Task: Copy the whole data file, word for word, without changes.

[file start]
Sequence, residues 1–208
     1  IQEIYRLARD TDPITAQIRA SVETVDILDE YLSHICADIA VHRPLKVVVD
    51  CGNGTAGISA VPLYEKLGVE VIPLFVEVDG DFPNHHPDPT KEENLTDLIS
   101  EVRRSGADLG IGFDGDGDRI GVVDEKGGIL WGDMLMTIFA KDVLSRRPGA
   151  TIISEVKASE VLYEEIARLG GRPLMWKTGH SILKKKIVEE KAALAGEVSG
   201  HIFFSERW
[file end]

Sequence, residues 1–208
     1  IQEIYRLARD TDPITAQIRA SVETVDILDE YLSHICADIA VHRPLKVVVD
    51  CGNGTAGISA VPLYEKLGVE VIPLFVEVDG DFPNHHPDPT KEENLTDLIS
   101  EVRRSGADLG IGFDGDGDRI GVVDEKGGIL WGDMLMTIFA KDVLSRRPGA
   151  TIISEVKASE VLYEEIARLG GRPLMWKTGH SILKKKIVEE KAALAGEVSG
   201  HIFFSERW